Laminated glass consists of two or more sheets of glass permanently bonded together by a plastic or resin interlayer. Laminated glass offers superior safety. Although it will break on impact, the fragments are held by the interlayer.
The layered nature of laminated glass means that it blocks more noise and UV light than single glass. It can also be made with Low E glass and used in Insulating Glass Units for increased environmental benefits.
4.1 Benefits And Applications
Safety & Protection
When subjected to impact, the bond between the glass and interlayer adhere any broken fragments, keeping the glass intact and resisting penetration.
This important breakage characteristic significantly reduces the likelihood of serious injury, qualifying laminated glass as a Grade A safety glass in accordance with AS/NZ 2208 and other international standards. In addition, the glass will not fall out if used in sloped or overhead glazing applications providing environmental protection.
Laminated glass offers greater protection for people and property by providing an effective barrier from attack. Although the glass will break if hit with a hammer, brick or similar object, the interlayer can resist penetration, ensuring any attempt to enter a premises will be slow and noisy.
In addition, the attacked glass will tend to remain in the opening, keeping wind and rain out of the building until it can be replaced at a convenient time. The type of laminated glass required will depend on the level of security required.
PVB laminated glass products absorb the sun’s UV radiation while allowing important visible light to pass through. It therefore helps protect curtains, furnishings and carpets from fading caused by the damaging effects of short-wave ultra-violet radiation.
Laminated glass is very effective in reducing the transmission of noise through glazing. This is achieved through the sound dampening properties of the interlayer, which will vary with the type and thickness of the interlayer.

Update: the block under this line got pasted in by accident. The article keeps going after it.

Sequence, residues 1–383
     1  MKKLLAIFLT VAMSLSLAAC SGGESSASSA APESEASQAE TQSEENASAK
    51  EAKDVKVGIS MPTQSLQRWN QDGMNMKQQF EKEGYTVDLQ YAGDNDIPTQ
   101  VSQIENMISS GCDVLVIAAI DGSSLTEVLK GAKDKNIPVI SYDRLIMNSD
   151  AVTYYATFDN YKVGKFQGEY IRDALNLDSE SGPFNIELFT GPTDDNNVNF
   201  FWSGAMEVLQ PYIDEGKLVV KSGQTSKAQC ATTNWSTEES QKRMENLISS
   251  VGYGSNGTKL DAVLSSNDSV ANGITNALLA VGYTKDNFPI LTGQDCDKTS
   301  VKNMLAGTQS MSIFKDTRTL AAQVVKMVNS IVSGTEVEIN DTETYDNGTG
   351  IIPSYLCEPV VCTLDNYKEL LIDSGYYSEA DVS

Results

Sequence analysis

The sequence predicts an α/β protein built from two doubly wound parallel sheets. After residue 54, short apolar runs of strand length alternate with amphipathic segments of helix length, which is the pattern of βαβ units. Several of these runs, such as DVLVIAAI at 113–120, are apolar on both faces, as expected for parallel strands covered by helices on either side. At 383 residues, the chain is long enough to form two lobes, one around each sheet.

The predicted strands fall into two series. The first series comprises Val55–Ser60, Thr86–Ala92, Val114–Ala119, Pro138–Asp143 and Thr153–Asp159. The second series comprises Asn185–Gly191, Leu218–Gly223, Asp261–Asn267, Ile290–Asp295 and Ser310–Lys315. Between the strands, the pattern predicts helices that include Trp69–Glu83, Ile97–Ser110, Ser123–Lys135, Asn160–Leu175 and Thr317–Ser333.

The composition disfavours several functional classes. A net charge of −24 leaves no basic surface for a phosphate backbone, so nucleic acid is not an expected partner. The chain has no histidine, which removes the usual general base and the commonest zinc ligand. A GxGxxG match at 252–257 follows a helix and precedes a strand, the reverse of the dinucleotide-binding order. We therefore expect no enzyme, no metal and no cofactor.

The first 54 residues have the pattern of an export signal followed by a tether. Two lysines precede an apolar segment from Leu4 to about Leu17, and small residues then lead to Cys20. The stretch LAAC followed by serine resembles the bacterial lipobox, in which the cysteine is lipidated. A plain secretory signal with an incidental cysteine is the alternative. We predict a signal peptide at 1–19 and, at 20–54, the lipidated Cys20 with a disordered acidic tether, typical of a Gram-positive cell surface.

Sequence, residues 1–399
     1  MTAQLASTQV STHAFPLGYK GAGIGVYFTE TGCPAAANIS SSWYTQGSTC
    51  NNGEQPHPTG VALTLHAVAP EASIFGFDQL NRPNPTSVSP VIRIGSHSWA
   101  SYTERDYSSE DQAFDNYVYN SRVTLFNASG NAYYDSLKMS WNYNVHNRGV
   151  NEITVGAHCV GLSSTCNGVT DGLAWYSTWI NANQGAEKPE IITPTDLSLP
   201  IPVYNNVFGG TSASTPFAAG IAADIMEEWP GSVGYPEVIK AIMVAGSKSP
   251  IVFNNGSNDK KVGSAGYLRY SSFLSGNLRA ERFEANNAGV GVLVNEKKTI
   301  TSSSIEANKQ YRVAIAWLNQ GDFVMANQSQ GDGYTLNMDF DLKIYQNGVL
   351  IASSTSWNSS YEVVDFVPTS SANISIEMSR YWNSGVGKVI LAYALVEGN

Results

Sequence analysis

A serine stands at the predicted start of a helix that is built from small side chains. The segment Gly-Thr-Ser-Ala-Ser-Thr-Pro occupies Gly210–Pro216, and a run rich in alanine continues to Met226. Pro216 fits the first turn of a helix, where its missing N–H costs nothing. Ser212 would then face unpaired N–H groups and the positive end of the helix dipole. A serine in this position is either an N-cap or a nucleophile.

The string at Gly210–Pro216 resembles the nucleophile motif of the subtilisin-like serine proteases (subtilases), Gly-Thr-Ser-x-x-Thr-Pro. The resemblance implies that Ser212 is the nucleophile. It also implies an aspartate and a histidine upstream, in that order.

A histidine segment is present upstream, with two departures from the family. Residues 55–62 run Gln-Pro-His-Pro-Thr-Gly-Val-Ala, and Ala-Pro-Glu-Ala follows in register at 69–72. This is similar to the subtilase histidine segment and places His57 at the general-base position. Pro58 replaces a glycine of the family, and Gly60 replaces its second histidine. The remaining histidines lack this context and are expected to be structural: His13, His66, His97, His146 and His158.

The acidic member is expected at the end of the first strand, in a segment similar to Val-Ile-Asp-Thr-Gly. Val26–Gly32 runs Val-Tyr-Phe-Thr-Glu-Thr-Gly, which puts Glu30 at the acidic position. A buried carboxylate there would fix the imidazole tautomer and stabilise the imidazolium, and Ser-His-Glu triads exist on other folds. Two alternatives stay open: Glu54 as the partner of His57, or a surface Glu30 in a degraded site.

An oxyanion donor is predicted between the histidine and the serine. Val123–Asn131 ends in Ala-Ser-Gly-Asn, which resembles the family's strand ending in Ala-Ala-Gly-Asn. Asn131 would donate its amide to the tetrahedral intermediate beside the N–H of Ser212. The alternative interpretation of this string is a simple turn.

Laminated glass can have a tinted interlayer or
be made with tinted or reflective glass to reduce glare and heat gain
in a building. It can also be made with Low E glass or be processed into an IGU to reduce heat loss from the building and thus save on energy costs.
Colour and Light
Laminated glass can be made with a wide range
of coloured PVB interlayer to provide special lighting effects. These
colours can be combined with tinted and/or printed glass to provide
Refer Section 8.10 for more information.
Pictures and Images
New techniques allow PVB interlayers to be printed
with coloured pictures or images before laminating to create special
Refer Section 8.11 for more information.
Due to the controlled nature of the laminating process, façades glazed with annealed laminated glass avoid the risk of visible distortions that are sometimes created by the heat treatment processes, providing significantly sharper visual transmission and reflections.
These benefits are however, dependent on the nature of the final processed product.
Laminate glasses with a tinted interlayer do not exactly match tinted float glasses and care is required when colour matching glass types in a building.
However with laminated glass, the clear glass thickness can be increased to meet design loads without changing the tint colour, so matching can be obtained with different thicknesses of glass.